The Petersburg City school board voted to go 100% virtual on July 22. The division is prepared to open its “Petersburg Virtual Academy” on Sept 8.
Equity Issues & Community Concerns
Dr. Lane said the pandemic had only served to highlight longstanding equity issues within the state and its communities. For example, some school divisions had virtual learning in place at the early stages of the pandemic, while others had nothing at all.
“We have put together a reopening plan that touches on thirteen areas of school and what school looks like, which focuses on particular areas that are specific to our community,” said Pitre-Martin.
Like many school divisions, Petersburg City Public Schools focused on technology needs and broadband accessibility for students.
“Every community has very different needs. For us, we needed to focus our CARES Act funding which was about $2.5 million on technology and support to our families to be able to be virtual,” said Pitre-Martin.
Pitre-Martin added that Petersburg City Schools had distributed 200 hot spots to student homes and intends to make another 200 available in the near future. More than 2,000 Chrome books has been distributed, which covers about half of their current student count.
“We also knew a lot of our families do not use technology in the home so we’ve established a helpdesk on how to use the hotspots, Chrome books and overall technology,” said Pitre-Martin.
Access to food and the need to continue providing meals to their students throughout the school year was an additional concern for Petersburg City Public Schools.
“We will continue to provide breakfast and lunch to our students and will be making community food distribution within the community 5 days a week,” she said.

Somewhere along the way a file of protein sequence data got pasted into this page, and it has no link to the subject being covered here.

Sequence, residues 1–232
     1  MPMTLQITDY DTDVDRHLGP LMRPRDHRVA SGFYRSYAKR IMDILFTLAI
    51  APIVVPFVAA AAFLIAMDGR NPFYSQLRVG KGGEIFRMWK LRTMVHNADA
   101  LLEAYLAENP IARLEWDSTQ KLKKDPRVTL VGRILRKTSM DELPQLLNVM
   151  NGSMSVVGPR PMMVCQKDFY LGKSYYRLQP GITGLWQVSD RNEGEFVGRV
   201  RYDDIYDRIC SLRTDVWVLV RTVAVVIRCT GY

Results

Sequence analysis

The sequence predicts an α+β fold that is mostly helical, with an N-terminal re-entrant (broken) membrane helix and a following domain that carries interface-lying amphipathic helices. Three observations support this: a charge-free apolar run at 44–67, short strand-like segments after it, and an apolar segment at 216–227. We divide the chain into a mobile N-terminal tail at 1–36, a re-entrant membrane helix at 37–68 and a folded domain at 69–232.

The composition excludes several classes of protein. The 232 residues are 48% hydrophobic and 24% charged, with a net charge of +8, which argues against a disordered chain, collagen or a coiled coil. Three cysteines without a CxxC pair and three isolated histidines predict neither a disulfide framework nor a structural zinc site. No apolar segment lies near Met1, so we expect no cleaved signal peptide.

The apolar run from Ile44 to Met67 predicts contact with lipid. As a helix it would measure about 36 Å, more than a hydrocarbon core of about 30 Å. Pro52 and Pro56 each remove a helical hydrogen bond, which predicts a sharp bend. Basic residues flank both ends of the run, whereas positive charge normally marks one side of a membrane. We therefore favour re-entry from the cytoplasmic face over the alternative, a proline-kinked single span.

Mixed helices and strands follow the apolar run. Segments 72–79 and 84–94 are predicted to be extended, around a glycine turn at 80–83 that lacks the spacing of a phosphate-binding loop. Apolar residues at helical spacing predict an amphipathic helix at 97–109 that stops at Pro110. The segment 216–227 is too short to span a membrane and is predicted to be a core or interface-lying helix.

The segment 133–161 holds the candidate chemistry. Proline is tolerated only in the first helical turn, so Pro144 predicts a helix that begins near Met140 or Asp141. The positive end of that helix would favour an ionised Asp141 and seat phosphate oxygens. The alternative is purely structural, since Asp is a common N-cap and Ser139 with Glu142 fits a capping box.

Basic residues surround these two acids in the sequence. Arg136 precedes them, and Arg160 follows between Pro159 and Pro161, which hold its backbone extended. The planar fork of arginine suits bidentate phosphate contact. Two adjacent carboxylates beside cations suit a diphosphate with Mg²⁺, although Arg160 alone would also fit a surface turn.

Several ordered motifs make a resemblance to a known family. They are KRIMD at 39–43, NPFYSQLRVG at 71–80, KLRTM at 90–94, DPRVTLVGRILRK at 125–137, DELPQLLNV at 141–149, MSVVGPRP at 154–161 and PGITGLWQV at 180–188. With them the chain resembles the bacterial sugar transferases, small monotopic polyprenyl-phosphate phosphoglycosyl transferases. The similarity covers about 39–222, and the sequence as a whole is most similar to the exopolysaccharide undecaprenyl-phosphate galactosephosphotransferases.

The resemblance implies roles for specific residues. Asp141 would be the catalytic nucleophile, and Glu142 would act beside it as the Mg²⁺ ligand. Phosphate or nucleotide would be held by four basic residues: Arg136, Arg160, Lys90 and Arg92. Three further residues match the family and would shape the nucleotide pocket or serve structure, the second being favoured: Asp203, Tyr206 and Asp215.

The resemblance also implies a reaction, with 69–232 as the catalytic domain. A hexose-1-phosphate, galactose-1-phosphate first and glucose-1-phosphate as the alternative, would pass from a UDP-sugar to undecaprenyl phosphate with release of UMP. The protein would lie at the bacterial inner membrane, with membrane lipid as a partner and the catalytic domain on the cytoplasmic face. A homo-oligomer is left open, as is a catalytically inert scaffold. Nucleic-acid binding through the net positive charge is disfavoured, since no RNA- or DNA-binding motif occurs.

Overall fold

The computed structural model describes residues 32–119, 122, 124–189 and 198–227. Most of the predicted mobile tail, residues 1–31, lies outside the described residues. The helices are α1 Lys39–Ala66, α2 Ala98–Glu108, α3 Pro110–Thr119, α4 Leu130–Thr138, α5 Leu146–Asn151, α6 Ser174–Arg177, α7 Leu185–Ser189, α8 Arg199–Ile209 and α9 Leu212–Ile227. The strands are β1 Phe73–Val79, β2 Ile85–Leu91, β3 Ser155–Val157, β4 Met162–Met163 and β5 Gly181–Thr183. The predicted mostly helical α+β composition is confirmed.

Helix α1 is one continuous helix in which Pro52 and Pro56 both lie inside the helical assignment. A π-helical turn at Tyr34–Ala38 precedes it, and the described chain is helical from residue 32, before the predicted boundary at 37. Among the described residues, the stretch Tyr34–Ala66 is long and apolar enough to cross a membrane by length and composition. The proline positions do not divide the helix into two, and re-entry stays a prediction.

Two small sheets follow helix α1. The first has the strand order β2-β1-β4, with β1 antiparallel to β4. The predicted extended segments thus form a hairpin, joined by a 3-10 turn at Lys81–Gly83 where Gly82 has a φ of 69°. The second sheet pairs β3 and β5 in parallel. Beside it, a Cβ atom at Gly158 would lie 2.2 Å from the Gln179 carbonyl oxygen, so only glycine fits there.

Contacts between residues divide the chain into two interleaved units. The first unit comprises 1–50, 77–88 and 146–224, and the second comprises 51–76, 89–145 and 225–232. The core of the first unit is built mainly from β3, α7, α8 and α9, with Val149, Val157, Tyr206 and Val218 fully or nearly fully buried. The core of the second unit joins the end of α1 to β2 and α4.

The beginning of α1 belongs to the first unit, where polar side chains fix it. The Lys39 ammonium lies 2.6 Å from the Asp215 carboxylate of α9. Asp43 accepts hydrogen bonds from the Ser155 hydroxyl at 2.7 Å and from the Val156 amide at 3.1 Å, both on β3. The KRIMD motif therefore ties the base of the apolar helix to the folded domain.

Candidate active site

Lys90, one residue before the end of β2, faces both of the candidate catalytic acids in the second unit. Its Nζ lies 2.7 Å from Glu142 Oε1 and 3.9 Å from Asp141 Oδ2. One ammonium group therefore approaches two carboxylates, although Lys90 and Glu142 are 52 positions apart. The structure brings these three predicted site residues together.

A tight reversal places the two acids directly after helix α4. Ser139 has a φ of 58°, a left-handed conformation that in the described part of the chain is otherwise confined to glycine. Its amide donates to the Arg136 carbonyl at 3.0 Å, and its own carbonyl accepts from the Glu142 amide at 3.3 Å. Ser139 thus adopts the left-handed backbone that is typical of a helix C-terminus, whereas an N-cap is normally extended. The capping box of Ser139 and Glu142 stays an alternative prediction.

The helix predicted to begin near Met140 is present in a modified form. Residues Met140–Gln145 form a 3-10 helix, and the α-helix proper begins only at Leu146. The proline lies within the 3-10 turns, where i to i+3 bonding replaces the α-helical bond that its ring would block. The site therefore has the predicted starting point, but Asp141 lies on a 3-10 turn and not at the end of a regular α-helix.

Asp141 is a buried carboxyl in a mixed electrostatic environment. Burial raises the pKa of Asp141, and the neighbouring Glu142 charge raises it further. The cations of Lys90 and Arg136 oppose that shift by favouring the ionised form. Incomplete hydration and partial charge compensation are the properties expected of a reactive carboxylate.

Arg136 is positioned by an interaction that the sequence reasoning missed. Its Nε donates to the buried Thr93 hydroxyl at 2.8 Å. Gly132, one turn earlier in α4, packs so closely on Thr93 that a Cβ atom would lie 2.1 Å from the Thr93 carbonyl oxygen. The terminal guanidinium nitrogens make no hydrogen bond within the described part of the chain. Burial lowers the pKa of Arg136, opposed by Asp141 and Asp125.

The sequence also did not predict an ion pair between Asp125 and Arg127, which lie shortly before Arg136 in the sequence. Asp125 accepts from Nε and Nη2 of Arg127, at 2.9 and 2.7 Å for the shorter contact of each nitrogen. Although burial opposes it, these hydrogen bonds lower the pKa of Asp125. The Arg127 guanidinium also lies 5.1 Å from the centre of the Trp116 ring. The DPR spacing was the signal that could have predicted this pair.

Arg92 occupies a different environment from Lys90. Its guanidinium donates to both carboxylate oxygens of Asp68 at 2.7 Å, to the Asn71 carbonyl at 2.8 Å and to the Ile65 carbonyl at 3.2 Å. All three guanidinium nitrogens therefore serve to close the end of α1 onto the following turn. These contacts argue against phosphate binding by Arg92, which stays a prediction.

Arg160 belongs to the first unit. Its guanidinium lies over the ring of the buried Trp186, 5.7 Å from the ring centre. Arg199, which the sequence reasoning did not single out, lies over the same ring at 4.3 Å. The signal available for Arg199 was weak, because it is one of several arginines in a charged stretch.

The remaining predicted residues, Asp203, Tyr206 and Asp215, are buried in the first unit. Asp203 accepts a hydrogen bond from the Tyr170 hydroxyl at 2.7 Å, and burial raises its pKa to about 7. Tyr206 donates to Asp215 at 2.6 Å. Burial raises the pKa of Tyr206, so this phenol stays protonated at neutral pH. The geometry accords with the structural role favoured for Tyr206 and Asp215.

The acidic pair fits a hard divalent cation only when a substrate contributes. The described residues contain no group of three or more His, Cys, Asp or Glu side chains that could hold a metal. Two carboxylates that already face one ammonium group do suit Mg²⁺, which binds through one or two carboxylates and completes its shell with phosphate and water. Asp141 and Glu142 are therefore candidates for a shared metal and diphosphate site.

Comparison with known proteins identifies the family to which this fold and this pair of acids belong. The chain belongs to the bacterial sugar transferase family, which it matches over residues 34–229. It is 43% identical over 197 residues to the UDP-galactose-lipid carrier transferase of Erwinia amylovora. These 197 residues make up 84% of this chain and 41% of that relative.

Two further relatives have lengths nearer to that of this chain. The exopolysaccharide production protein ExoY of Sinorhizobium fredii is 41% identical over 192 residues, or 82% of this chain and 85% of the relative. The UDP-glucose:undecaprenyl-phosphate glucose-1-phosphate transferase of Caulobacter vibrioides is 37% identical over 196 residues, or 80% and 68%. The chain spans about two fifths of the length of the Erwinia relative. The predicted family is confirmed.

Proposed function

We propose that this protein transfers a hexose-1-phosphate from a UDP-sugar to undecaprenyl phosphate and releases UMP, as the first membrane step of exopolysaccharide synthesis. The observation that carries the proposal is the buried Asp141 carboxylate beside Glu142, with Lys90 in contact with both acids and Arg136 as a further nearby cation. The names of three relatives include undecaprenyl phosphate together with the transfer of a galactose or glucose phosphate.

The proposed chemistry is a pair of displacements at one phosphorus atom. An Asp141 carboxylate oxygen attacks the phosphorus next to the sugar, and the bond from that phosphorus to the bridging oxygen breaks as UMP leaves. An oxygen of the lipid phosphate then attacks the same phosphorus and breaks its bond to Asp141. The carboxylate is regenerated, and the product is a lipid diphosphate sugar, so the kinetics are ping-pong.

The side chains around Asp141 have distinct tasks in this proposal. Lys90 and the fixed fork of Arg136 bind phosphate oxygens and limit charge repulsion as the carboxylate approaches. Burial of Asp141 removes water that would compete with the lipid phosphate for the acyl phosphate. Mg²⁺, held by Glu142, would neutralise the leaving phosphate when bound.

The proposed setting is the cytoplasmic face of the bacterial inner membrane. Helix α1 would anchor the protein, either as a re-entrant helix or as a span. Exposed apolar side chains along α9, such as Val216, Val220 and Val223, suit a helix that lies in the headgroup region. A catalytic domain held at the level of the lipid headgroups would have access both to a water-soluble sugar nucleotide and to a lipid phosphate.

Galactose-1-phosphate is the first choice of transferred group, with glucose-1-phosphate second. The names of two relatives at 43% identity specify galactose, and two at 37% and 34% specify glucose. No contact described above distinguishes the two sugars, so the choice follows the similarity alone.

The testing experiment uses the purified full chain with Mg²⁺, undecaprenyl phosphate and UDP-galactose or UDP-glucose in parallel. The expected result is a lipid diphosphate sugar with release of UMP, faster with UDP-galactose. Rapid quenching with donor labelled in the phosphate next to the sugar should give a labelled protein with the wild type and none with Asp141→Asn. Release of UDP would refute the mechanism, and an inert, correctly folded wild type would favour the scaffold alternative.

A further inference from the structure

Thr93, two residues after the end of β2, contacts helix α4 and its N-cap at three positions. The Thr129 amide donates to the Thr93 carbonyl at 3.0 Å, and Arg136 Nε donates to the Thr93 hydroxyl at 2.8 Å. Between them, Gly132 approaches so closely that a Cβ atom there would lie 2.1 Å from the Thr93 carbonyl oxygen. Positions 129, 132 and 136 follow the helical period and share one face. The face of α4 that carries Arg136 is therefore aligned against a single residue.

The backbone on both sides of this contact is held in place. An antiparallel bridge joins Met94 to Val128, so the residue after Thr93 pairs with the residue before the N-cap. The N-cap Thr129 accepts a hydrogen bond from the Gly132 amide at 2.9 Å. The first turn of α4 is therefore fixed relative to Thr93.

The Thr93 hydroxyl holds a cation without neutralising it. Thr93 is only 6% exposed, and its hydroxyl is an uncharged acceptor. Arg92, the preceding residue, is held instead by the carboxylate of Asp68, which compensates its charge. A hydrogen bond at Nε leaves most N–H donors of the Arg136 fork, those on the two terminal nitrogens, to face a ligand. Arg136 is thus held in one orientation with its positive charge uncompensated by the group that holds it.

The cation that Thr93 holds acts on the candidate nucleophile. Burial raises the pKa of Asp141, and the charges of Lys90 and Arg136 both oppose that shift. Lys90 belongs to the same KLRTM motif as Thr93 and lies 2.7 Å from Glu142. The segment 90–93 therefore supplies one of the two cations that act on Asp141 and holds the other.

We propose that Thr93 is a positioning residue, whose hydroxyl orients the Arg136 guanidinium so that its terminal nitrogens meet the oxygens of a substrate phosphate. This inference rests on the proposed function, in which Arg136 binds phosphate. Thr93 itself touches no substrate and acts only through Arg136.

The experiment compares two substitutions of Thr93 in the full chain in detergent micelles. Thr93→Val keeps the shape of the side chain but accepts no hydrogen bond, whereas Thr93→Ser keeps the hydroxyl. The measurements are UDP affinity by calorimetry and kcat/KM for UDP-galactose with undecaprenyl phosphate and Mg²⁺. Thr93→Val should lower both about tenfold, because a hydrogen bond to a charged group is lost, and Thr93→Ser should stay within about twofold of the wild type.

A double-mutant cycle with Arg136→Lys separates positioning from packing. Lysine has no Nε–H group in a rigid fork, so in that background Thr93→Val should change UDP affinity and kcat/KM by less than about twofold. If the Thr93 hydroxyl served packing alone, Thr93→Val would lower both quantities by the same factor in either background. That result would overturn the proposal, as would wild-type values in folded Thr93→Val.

The social and emotional well-being of not only the families dealing with job lose and financial hardship, but also for faculty and staff of the school divisions coping with stressful situations was yet another area of focus in the PCPS reopening plan.
“We established wellness Wednesdays for staff where they could check in with support staff. We learned that staff wanted those to be accessible during the school year as well,” said Pitre-Martin.
“The Recover, Redesign, Restart document is also a great resource that talks at length about how we should be caring for staff mental health during this pandemic,” shared Lane.
Many school divisions across Virginia have opted for more virtual or hybrid reopening, but for those who are going in-person, one of the most addressed concerns is “what happens if a student or group of students have COVID?”
“Every situation is a nuance and different. The VDOE wants school divisions to look at each situation in context and work with their local health departments to work through them with a case by case approach. Local health departments are asked put in place protocols and make recommendations to the school division as needed,” said Lane.
The full presentation and Q&A can be viewed here.
The Wilder School’s next Alumni Lunch and Learn on Wednesday, September 16, 2020 at 12:00 p.m. noon will feature Stephen Moret, Ed.D., President and CEO of Virginia Economic Development Partnership.